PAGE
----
Wales Election 2016

Welsh election: Labour support 'lowest since 2010'

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Labour support in Wales has fallen to its lowest level since before the 2010 general election, an opinion poll has suggested.

The latest YouGov poll for ITV Wales puts Labour's constituency vote at 33%, down two points in two weeks.

Prof Roger Scully of Cardiff University said the party remained "some way ahead of the field" but would be "concerned".

Labour First Minister Carwyn Jones said his party has had a "tough five years" in government.

Prof Scully projected Labour winning 28 seats, Plaid Cymru 13, Tories 10, UKIP seven and the Lib Dems two.

On constituency votes the data, compiled for the Welsh Election Study from 19-22 April, put the parties on the following:

  • Labour 33% (down 2 percentage points since 7-11 April)
  • Plaid Cymru 21% (no change)
  • Conservatives 19% (no change)
  • UKIP 15% (down two points)
  • Liberal Democrats 8% (up two points)
  • Others 3% (no change).

For the regional lists, where 20 of the 60 AMs are elected using a form of proportional representation, the research indicated:

  • Labour 29% (down two points)
  • Plaid Cymru 22% (up two points)
  • Conservatives 19% (down one point)
  • UKIP 15% (down one point)
  • Liberal Democrats 8% (up three points)
  • Greens 4% (no change)
  • Others 4% (up one point).

"Labour thus remain some way ahead of the field," said Prof Scully.

"But they must be somewhat concerned that support has edged downwards further: 33% on the constituency vote is Labour's lowest level in any Welsh poll since before the 2010 general election.

Image caption Prof Roger Scully says Welsh Labour benefits from the divided nature of the opposition

"A similar YouGov poll conducted in late April 2011 put Labour on 45% for the constituency vote and 41% for the list vote," he added.

"So Labour are now twelve percentage points lower, on both ballots, than they were at this stage in the electoral cycle before the last assembly election.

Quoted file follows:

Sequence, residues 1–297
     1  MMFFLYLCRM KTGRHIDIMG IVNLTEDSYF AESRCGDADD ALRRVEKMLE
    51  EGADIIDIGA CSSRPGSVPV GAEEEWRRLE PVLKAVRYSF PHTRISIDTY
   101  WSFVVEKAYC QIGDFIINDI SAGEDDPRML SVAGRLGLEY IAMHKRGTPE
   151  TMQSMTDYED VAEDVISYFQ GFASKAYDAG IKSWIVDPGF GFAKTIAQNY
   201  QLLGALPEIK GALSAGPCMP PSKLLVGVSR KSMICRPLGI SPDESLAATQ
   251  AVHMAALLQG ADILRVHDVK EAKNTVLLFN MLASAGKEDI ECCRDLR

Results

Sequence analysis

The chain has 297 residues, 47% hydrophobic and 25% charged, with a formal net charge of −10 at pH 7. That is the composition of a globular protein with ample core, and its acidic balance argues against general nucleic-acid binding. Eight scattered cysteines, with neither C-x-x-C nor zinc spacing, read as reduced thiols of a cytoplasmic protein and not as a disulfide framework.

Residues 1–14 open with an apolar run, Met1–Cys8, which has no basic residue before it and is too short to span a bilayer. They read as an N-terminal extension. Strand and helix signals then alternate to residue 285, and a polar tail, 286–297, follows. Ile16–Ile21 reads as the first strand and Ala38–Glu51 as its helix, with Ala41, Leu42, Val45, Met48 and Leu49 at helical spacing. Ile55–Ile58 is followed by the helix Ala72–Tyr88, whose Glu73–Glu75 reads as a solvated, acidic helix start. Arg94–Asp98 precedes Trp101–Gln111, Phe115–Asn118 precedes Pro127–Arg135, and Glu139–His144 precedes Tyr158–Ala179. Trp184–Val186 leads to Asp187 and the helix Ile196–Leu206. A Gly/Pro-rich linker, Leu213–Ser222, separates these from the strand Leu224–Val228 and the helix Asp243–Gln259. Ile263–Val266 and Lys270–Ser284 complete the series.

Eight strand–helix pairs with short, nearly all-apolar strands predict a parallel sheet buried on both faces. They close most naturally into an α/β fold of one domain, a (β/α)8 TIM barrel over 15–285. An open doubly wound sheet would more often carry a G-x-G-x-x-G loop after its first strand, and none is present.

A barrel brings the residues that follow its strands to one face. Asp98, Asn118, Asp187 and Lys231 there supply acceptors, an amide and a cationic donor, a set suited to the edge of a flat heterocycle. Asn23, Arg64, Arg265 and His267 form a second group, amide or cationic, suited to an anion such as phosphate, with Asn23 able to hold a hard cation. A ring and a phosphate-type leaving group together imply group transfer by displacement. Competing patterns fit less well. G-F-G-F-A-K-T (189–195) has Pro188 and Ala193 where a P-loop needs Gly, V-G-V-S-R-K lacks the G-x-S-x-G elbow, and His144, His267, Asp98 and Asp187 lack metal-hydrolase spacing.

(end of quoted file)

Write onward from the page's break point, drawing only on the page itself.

"Were Labour's election performance this year to fall below their poll rating - which it has normally done in Wales in recent years - then Labour could be on course for their worst ever vote share in a National Assembly election."

However, Prof Scully pointed out that "the divided opposition leaves Labour well in the lead".

He said Plaid Cymru would be "encouraged that this poll now has them in a clear second place on both ballots".

The Lib Dems had "moderately good polling news" with an increase in support, he said, but their position was "still highly precarious".


Reacting to the poll, Welsh Labour leader Carwyn Jones said it had been a "tough five years" in government for his party.

He said: "Our budget has been cut, there's more competition for votes now than there used to be."

Mr Jones added: "We take nothing for granted, there's a lot of work to do between now and the election.

"We know from last year's election that polls are not always as accurate as people think they are."

Plaid Cymru leader Leanne Wood said her party was "closing the gap with Labour in the polls".

"The 5th of May is Wales' change election. People are telling us all over Wales that we need a change of government, one that will put their interests first," she said.

A spokesman for the Welsh Liberal Democrats said: "We are finding that Kirsty Williams' strong performances in the debates, the hard community work of our teams on the ground, and our positive message for Wales is having an impact."

A Welsh Conservative spokesman said: "Polling 12 months ago proved to be well wide of the mark, and voters increasingly take these snapshots with a large pinch of salt.

"With Labour only one seat from losing power, our superb team of candidates continue to articulate our vision for a better future for Wales, with a protected NHS, enhanced support for small businesses and improved school standards."

A UKIP spokeswoman said: "UKIP's polling is holding steady and we are excited that we are set to get our first group of AMs elected into the Welsh assembly, helping to break the bad legacy of years of Labour rule backed by parties that fail to hold them to account."

The findings were based on a survey of 1,011 people conducted from 19-22 April 2016

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